Minify Page size

This step is pretty straight forward, go through your HTML or template files, see if there is some way you can simplify your design, remove unnecessary elements, maybe you can do somethings a different way, try utilize CSS to get the same results. Make sure all your CSS is in external files instead of inline mixed with your HTML. Also make sure you properly reset your CSS styles and remove unnecessary styles and that CSS shorthand is used.

Remove Whitespace

Unnecessary whitespace does not add any value to your page other than making it larger in size. The web browser strips it away before rendering the page anyways, so you can lose some weight by removing them for good. How far you want to take this is up to you, by removing the whitespace you also reduce the readability, so if you plan on editing the code later on I would recommend you to only remove as much as you can while still being able to read it, take away double line breaks, If you plan on keeping indentations make sure they are done with tabs instead of spaces (1 tab usually converts to 4 spaces – This would cut the “indentation cost” by 75%) You have to consider how much you can get out of this, and if it’s worth it.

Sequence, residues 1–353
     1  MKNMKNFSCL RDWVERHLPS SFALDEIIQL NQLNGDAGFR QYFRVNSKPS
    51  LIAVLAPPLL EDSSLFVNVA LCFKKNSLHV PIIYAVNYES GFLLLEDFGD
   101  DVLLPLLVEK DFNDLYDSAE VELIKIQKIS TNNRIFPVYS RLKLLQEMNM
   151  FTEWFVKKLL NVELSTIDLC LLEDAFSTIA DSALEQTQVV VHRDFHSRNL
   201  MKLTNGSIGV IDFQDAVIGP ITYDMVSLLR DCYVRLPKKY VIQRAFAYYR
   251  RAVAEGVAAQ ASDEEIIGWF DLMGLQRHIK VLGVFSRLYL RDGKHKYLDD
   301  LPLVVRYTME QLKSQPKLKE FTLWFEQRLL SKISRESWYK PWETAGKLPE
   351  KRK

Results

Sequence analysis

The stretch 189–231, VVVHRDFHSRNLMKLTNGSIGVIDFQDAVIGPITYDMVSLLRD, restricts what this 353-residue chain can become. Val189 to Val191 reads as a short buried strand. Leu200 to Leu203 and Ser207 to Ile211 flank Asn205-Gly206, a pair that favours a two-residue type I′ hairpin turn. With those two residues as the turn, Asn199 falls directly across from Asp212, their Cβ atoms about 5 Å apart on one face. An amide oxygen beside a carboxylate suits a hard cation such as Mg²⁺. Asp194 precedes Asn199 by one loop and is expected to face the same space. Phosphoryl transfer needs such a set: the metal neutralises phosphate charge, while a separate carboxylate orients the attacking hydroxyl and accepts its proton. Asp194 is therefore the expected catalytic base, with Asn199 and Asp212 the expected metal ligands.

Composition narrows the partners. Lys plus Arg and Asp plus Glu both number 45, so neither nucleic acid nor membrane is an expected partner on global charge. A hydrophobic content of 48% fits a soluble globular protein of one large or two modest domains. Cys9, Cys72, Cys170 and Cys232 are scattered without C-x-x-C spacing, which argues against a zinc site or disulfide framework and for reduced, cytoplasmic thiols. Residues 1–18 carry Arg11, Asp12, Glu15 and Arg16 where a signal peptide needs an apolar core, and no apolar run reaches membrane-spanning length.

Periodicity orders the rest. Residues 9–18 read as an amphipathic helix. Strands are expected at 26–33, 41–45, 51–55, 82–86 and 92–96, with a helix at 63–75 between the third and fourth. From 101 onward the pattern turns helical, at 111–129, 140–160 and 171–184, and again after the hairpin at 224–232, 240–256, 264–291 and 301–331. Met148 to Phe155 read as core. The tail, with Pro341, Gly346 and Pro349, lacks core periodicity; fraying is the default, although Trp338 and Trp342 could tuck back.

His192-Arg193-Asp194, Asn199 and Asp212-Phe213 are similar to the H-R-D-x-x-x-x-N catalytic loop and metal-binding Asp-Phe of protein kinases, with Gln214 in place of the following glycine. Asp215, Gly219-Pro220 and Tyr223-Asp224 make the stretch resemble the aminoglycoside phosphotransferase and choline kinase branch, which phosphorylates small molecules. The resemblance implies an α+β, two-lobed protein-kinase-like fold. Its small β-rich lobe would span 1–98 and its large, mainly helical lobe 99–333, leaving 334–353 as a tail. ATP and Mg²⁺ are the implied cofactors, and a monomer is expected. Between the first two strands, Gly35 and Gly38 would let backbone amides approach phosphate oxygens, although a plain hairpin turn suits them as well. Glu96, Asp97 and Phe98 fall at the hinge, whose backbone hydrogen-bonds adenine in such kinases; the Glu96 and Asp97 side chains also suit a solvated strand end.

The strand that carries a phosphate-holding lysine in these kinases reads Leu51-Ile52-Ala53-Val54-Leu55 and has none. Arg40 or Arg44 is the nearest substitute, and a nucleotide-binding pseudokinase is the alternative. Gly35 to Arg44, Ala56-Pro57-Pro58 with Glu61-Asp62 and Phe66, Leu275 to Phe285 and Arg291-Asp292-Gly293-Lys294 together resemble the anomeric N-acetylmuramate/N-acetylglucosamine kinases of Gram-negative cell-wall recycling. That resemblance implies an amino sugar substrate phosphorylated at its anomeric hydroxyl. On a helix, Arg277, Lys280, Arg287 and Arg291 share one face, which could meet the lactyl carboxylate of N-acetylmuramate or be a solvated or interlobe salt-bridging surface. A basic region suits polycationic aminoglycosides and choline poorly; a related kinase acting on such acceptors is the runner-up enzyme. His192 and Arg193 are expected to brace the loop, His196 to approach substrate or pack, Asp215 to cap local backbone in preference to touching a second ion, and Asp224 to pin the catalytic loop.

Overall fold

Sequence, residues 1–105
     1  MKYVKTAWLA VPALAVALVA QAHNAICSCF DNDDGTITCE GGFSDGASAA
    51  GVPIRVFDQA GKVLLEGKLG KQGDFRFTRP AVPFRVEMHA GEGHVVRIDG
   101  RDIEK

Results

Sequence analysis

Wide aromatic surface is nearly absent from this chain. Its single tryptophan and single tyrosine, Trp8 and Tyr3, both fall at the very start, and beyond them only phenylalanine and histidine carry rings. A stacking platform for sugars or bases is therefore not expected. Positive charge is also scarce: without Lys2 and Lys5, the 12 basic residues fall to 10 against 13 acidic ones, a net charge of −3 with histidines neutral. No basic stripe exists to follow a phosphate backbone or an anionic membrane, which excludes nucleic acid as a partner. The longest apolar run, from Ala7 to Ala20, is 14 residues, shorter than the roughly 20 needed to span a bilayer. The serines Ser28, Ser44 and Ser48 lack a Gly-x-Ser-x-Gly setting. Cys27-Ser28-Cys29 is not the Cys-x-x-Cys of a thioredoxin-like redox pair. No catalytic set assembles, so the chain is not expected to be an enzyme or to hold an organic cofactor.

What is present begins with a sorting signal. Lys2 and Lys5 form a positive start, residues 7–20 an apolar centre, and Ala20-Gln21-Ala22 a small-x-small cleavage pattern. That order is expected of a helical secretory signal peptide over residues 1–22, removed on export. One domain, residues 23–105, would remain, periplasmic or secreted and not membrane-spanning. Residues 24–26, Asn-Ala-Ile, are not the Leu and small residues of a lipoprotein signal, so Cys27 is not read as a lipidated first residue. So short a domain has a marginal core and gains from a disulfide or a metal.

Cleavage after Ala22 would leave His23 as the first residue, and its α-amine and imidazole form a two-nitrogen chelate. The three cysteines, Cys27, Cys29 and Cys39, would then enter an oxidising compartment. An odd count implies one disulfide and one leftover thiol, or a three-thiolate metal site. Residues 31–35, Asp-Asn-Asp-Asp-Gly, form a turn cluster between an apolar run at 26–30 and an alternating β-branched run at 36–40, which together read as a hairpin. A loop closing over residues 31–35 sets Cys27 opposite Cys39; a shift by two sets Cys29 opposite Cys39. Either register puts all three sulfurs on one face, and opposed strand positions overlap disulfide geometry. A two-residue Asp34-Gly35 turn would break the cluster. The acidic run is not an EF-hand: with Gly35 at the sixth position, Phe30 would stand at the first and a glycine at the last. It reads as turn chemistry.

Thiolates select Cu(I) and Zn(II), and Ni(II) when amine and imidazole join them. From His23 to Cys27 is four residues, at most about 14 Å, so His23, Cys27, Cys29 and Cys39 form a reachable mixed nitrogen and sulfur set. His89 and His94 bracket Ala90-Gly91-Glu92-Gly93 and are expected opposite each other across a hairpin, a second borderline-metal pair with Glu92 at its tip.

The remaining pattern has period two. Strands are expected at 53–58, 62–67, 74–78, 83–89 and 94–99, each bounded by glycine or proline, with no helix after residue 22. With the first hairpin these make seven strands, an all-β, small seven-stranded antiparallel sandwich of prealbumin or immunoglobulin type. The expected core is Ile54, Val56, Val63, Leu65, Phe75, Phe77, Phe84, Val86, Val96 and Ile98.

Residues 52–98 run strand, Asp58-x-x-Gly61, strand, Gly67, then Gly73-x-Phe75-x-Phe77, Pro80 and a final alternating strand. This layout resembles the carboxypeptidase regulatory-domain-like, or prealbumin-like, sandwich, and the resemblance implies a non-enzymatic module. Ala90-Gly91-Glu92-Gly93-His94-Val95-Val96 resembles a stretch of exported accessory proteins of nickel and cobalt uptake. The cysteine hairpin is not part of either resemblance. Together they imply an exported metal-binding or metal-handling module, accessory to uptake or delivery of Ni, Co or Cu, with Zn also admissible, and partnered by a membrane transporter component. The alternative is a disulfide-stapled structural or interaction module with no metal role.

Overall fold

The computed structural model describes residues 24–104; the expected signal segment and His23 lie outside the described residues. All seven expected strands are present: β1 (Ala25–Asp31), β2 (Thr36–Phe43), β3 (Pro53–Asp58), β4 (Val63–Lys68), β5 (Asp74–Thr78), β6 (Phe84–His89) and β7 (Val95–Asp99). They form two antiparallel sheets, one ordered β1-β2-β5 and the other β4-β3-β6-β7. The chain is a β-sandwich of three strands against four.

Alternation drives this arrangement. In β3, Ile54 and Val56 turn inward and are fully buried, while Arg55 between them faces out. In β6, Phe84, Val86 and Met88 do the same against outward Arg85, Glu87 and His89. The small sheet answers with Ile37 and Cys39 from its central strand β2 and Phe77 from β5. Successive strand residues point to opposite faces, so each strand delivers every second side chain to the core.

Optimize images

Make sure your images aren’t stored in larger dimensions than you are presenting them to the visitors, it’s a waste to have the visitor download a 1024×768 image if all they see is a thumbnail or sized down version of the image. When you are sure your images aren’t unnecessary large, make sure they are compressed and optimized to decrease the file size. You can use an online tool like to remove unnecessary data from the images.

Parallel loading

Browsers has a limitation on how many concurrent connections they can open to a single domain, this means it will queue the downloading of resources from your server, but if you place your javascript and images on multiple domains e.g. and (it can still be on the same server) the browser won’t have to wait for 1 resource to finish before starting on the next one. You should also considering a content delivery network for storing your resources on. Note that the client will have to do a DNS look-up for each domain you present it with, so it’s not recommended that you use more than a few since it takes some time to look-up the domain.